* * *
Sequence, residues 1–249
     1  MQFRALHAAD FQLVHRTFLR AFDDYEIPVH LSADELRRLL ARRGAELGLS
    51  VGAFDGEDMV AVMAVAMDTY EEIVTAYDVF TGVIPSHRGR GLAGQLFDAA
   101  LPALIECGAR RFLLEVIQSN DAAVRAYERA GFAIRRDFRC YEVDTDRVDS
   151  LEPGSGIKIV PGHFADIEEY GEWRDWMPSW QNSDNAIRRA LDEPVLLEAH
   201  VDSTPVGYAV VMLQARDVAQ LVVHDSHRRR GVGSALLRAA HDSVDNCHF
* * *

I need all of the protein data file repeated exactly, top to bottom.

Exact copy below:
Sequence, residues 1–249
     1  MQFRALHAAD FQLVHRTFLR AFDDYEIPVH LSADELRRLL ARRGAELGLS
    51  VGAFDGEDMV AVMAVAMDTY EEIVTAYDVF TGVIPSHRGR GLAGQLFDAA
   101  LPALIECGAR RFLLEVIQSN DAAVRAYERA GFAIRRDFRC YEVDTDRVDS
   151  LEPGSGIKIV PGHFADIEEY GEWRDWMPSW QNSDNAIRRA LDEPVLLEAH
   201  VDSTPVGYAV VMLQARDVAQ LVVHDSHRRR GVGSALLRAA HDSVDNCHF